Floods Mostly Spare West Tenn. Historic Sites
By Gregory L. Wade
(June 2011 Civil War News)
MEMPHIS, Tenn. — While at presstime the Mississippi River and its tributaries were still to crest from heavy rains, Memphis Civil War parks and other West Tennessee Civil War sites appear to be have been mostly spared from the rising waters.
Flood waters rose to levels not seen since the 1927 deluge that took the lives of 246 people and covered parts of seven states.
Jefferson Davis Park, built up on dredge material taken from the river in the 1930s, was named after the former Confederate president who resided in Memphis from 1869-1878. It and nearby Confederate Park were spared damage while sitting well above the river.
Confederate Gen. Gideon Pillow fortified the city blocks now including Confederate Park early in the war. In June 1862 these works witnessed a naval battle between Confederate vessels protected with cotton bales against heavily armored Union gunboats. Several Confederate boats were destroyed.
Forrest Park, the burial location of Gen. Nathan Bedford Forrest and his wife, Mary, lies a few blocks away from the river and was not threatened.
Fort Donelson, located near Dover on the Cumberland River, had water rise to the level of its riverside batteries, but the park suffered no major damage.
The Dover Hotel, also known as the Surrender House, where the fort was surrendered by Confederates in February 1862, was sandbagged while pumps kept water out of its basement.
The biggest disruption in the park was the loss of a “bee tree” which fell during the storms, creating a stir for several days from agitated bees, according to Bonnie Lill of Dover. “For a few days no walkers were allowed on the park road,” she noted.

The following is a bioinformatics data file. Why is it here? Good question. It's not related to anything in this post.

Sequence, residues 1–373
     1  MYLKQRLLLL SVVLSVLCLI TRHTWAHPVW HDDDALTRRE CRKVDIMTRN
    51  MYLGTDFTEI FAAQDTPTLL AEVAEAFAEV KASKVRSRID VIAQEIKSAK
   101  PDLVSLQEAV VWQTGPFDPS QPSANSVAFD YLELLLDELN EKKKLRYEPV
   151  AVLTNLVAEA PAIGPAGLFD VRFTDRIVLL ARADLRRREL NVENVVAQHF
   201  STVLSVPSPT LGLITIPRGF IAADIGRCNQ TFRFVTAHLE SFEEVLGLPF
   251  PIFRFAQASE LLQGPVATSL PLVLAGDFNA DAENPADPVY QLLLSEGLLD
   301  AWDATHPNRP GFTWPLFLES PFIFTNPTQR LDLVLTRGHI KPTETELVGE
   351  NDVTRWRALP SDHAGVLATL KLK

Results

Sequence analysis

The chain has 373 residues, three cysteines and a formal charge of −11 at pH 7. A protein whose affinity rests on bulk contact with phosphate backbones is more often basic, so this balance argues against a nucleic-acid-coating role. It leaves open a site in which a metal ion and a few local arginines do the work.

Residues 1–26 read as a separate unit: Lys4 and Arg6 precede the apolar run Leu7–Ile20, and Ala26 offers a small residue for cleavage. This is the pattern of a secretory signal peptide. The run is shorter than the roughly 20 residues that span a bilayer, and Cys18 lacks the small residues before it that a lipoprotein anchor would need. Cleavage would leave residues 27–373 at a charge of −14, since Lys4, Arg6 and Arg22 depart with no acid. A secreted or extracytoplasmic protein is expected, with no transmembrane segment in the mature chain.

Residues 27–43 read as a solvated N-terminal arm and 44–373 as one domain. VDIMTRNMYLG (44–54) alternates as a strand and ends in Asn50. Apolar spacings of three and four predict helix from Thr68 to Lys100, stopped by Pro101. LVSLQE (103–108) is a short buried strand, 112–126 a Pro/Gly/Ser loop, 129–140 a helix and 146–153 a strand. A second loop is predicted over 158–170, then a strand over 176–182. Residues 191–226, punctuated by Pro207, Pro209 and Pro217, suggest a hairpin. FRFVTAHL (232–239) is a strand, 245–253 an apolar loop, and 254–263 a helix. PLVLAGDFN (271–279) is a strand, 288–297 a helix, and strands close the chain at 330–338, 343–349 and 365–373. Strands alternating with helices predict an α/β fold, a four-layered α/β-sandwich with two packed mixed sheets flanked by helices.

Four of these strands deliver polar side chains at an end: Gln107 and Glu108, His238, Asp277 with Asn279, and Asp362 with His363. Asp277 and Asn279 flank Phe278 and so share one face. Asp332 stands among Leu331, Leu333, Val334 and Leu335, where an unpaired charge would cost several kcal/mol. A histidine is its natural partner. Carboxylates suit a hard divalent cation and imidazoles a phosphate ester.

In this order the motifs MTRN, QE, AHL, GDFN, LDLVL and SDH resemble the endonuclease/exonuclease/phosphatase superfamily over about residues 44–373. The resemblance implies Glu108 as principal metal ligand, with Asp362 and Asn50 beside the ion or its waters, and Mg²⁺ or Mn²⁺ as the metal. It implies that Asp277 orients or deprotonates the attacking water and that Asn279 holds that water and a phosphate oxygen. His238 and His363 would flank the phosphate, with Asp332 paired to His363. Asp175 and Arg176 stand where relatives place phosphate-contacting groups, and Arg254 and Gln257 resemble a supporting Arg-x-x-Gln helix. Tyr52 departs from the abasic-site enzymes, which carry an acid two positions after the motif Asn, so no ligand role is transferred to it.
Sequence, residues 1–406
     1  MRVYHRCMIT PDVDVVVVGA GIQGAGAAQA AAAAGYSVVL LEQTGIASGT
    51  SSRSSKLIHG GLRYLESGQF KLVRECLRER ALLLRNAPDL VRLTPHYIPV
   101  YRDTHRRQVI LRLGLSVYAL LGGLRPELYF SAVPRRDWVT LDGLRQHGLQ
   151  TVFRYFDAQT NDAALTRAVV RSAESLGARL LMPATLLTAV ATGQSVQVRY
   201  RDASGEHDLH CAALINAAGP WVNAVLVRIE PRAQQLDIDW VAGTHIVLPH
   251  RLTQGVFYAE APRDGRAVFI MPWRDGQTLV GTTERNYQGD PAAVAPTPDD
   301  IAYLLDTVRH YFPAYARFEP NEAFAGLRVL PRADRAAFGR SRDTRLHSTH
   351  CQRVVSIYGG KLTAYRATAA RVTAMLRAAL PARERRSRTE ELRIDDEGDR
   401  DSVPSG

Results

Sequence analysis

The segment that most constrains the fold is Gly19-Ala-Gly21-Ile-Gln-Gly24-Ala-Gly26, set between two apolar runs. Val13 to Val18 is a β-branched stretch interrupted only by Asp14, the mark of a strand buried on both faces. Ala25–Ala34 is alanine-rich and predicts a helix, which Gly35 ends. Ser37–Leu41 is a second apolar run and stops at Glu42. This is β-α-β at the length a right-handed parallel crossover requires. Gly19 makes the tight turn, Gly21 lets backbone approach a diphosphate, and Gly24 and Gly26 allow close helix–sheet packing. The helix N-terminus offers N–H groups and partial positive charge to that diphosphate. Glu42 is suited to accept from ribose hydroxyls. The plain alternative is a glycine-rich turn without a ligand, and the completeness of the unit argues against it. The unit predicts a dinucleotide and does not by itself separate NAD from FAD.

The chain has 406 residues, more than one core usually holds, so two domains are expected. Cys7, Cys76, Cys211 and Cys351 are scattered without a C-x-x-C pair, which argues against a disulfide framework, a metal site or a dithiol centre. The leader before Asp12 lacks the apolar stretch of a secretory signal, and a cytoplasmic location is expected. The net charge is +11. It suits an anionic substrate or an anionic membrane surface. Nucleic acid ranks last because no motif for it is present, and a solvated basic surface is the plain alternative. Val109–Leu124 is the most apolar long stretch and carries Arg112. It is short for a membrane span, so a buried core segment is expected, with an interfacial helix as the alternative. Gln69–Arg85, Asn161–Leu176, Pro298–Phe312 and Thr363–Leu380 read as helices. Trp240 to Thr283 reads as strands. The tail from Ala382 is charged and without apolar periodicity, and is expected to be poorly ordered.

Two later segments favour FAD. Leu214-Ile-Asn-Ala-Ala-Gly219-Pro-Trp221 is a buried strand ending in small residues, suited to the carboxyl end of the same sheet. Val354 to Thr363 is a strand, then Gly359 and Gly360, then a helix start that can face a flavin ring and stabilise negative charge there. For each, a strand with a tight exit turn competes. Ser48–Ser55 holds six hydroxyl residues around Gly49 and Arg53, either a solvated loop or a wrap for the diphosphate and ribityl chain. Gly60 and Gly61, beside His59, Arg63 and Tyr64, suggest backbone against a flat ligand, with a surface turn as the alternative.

Clarksville’s Greg Biggs said the Cumberland River was up but nowhere near Fort Defiance. “It would require an ark if Defiance flooded” Biggs observed.
Shiloh Battlefield and Pittsburg Landing on the banks of the Tennessee River escaped without significant damage other than some downed trees. There was no flooding according to Shiloh Ranger Chris Mekow.
The Island Number 10 monument, located just a few miles from Tiptonville, escaped Mississippi River flooding thanks to efforts to raise the levee height in the days before the expected crest, according to Lori Long of the Tiptonville Banner. “Heroic work was done to raise the levee an additional two feet which was enough to protect the monument and that area of the county,” she said.
Island Number 10 was a Confederate position under siege from Union gunboats in the spring of 1862. The strongpoint was eventually captured opening a critical part of the Mississippi River to the Federals in Northwest Tennessee.
In other parts of the community, citizens are assessing flood damage and hoping to dry out and begin the recovery process.
The West Tennessee floods came exactly one year after historic Middle Tennessee flooding claimed 23 lives and over $2 billion in damage. Middle Tennessee’s Stones River Battlefield, itself ravaged by tornados in 2009, received minor damage from this year’s storms according to Ranger Jim Lewis.
“We had a few trees knocked down and one just missed hitting the Regular Brigade Monument in the National Cemetery,” Lewis said.